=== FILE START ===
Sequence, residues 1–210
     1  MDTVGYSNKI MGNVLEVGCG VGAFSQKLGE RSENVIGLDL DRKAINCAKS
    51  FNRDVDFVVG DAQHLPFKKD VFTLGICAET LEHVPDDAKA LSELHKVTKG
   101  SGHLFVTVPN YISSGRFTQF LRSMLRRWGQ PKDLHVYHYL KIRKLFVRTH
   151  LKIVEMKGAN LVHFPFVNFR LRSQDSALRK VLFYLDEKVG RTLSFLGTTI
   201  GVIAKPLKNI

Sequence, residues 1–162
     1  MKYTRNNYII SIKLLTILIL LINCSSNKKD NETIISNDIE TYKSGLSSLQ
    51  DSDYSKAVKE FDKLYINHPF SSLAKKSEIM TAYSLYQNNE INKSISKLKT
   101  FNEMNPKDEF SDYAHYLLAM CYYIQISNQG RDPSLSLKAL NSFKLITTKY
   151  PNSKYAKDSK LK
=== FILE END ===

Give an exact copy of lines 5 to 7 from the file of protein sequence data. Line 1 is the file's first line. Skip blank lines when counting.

   151  LKIVEMKGAN LVHFPFVNFR LRSQDSALRK VLFYLDEKVG RTLSFLGTTI
   201  GVIAKPLKNI

Sequence, residues 1–162